Mr. Denby, chargé, to Mr. Gresham.
Peking, June 15, 1894. (Received July 27, 1894.)
Sir: I have the honor to inclose herewith copies of a note addressed by the Russian minister, dean of the diplomatic body, to the Yamên, and of the Yamên’s reply, with reference to antiforeign placards which have again appeared in the province of Hu-pei.
Copies of these placards were forwarded by the consular corps at Hankow to the diplomatic body at Peking, and a protest against them was placed before the viceroy at Hankow.
These placards at present complained of differ from previous attacks on foreigners in that they do not advocate their abuse and ill treatment directly, but denounce and threaten vengeance on all Chinese who may have relations with “the barbarians,” and particularly those who may sell or lease them land. In a handbill posted up in the Sung-pu district it is stated that “foreigners may, in accordance with the laws of hospitality, be boarded and lodged, but any innkeeper who dares to keep them more than a few days will, on discovery, have his house razed to the ground and his land converted to the public use.”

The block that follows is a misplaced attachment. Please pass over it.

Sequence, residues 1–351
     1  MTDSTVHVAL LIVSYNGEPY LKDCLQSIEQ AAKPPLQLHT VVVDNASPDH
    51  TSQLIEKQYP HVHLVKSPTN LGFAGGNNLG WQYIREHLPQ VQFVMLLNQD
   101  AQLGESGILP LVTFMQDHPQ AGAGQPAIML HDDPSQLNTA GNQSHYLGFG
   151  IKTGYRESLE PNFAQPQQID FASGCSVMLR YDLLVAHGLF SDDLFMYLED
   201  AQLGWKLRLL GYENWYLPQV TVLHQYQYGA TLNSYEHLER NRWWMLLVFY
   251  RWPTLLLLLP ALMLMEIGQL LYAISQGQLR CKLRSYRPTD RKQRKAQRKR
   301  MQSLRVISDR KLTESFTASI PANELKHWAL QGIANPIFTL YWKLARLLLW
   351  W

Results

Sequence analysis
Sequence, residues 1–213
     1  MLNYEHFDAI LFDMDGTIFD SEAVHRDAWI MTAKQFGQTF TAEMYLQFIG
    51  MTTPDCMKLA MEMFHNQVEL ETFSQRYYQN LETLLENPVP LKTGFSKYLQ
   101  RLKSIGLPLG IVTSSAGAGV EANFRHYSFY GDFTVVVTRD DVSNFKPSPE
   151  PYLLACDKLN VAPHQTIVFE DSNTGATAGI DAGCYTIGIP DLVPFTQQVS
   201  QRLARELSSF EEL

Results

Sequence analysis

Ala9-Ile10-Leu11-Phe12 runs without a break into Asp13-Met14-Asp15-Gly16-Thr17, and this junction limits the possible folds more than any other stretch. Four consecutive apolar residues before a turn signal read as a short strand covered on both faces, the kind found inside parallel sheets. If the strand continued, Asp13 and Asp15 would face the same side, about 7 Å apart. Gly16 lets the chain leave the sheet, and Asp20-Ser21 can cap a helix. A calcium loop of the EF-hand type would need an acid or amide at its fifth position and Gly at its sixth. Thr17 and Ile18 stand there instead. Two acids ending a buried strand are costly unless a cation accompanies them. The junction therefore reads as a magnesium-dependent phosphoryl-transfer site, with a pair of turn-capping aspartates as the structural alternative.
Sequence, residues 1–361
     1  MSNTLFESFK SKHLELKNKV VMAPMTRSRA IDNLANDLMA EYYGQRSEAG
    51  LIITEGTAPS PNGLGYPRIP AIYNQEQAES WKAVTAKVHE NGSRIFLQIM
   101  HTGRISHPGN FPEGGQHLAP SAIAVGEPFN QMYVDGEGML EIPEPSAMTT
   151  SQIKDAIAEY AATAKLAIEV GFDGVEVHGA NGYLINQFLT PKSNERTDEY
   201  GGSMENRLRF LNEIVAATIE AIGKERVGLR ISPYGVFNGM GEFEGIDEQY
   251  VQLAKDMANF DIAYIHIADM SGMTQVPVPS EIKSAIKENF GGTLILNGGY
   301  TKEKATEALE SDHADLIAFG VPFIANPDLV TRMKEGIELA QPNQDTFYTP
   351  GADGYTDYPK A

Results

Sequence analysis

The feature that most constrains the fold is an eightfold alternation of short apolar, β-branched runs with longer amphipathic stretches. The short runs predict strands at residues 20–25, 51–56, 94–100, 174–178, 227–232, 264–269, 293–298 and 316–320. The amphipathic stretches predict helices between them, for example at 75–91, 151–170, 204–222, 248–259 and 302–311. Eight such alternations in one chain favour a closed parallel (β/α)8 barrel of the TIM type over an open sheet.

It is also directed that foreigners’ books must not be bought, and that those who buy them shall “be dealt with by the people.”
This handbill threatens with death anyone who sells land to foreigners. It closes with the announcement, “If anyone in his greed for gain permits a foreigner to build other houses, the headman is to inform us; we will destroy them and thus prevent future calamities.”
The proclamations in the other localities are of the same character.
The people of Sung-pu and vicinity, frightened by the terrible calamities which the official investigation of the murder of the Swedish missionaries last year brought upon them, seem determined on a policy of absolute nonintercourse with foreigners. They regard the presence of a missionary or a chapel as a source from which at any moment great disasters may arise, and there can be no doubt of the efficacy of their preventive measures. These proclamations, however, tend directly to excite active hostility to foreigners, andit is to be hoped that the authorities will use vigorous means to suppress them.
I have, etc.,